“Inspiration, Energy & Glamour“®
In 2006, entrepreneur and visionary couple, Thomas & Elizabeth Minieri, created a magical and unique dance company that found a creative and unique way to share its passion for dance with the world. The Minieri's spent over a decade coaching professional dancers and building beautiful dance studios across the country. In 2017, the Minieri's retired from professional dancing and traveling and sold their dance business related assets so as to pursue other ventures. Today, they live in Charlotte with their newborn daughter, Abigail, and operate just one dance studio (thank goodness!) located in Waxhaw, North Carolina.
Thank you for visiting Planet Ballroom and helping us continue to spread our message of Inspiration, Energy and Glamour®!!
Dancer | Visionary | Artist
Planet Ballroom Founder
Marketing & Design Guru
Dancer | Spokesmodel | VP/PR
Planet Ballroom Co-Founder
Celebrity Ballroom Dancer
We coined the phrase "Your Planet Ballroom Dance Journey" because this chart guides you along the path that you'll take as you venture into the exciting world of Latin & Ballroom dancing the Planet Ballroom way!
Ballroom Basics - We begin our teaching method with our Ballroom Basics curriculum where dancers learn the basics of Latin & Ballroom dance without getting too heavy into technical elements. A dancer proficient in our Ballroom Basics curriculum will be extremely comfortable in any social setting or in any entry level competition heat.
Advanced Dance Program - Once a dancer has properly completed our Ballroom Basics Program, they graduate into our Advanced Program where they will be exposed to more technical aspects of Latin & Ballroom dance. It is HIGHLY advised NOT to skip ahead! Our method has been developed after years of teaching experience. Be patient and work through the material at your pace. Remember, the "Journey" is as much fun as the destination!
American vs International Style - Generally speaking, American style is suited for social dancing while International style is geared for the competition floor. Today, as dances develop and evolve, there is much crossover between the two styles. American style is highly competitive and International style can, at times, be a danced in social settings; although we would recommend against dancing Quickstep at a wedding!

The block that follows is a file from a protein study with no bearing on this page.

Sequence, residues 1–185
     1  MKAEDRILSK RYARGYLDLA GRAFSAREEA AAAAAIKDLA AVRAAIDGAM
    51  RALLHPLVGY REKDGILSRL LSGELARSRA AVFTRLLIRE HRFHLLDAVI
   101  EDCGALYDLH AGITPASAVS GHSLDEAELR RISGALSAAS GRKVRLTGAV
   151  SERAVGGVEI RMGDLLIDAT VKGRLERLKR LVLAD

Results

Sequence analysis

Our Restructuring Effort - Our unique innovation is perhaps ahead of its time. The mainstream dance world uses two separate and incompatible dance syllabi; one for American style and one for International style. To make it more confusing for EVERYONE, both syllabi use the same level terms: Bronze, Silver and Gold. For example, let‘s say there‘s a Swing step in American style in Bronze level. Often, that same exact figure finds itself in Gold level International Jive. It’s confusing and doesn’t make sense. American style Ballroom tends to drag on forever before you get to the good stuff, the continuity movement steps. On the other hand, International style takes a rookie dancer and tries to get them to dance a Three & Feather on the first lesson. It‘s a mess, but we "stepped" in to fix it!
Our Unified Standard - Our unique and innovative dance method standardizes both American style and International style into one comprehensive Latin & Ballroom dance curriculum! When it's time to learn that Three & Feather, it's introduced across the board in all dances that require the knowledge. Concepts are presented at the proper time and when they are best learned from a dancer perspective.
Wait! Where's the Rumba Box? - We eliminated the American style Rumba box step because Rumba isn't danced with a box step. It's a Latin dance, similar to Cha Cha and Mambo. The box step was added to Rumba eighty years ago as a sales gimmick to promote ease of learning. The idea at the time was that you could learn one easy step that could be used to various rhythms (Foxtrot, Waltz, Rumba, and Samba). We believe Rumba should be danced with the forward and back action it was intended to have. We do, however, add the Rumba box into our Bronze 3 curriculum and mix it with the forward and back action. American Rumba does rotate more than its International counterpart, but not enough to warrant a box step basic. New dancers learn Rumba light years faster when they can relate it to Cha Cha and Mambo. The three dances are a set to be learn simultaneously. Rumba for slow Latin, Cha Cha for medium tempo Latin, and Mambo for the fast stuff.
Summary - We introduced a non-style Ballroom Basic curriculum for teaching new dancers the essentials of Latin & Ballroom dance. Then, we standardized American style and International style into one comprehensive and uniform curriculum, while preserving each style‘s technical differences. We are proud to present to you the world's most organized and consistent Latin & Ballroom dance syllabus and teaching system. Enjoy!
Copyright Number VA0001812727 dated March 14, 2012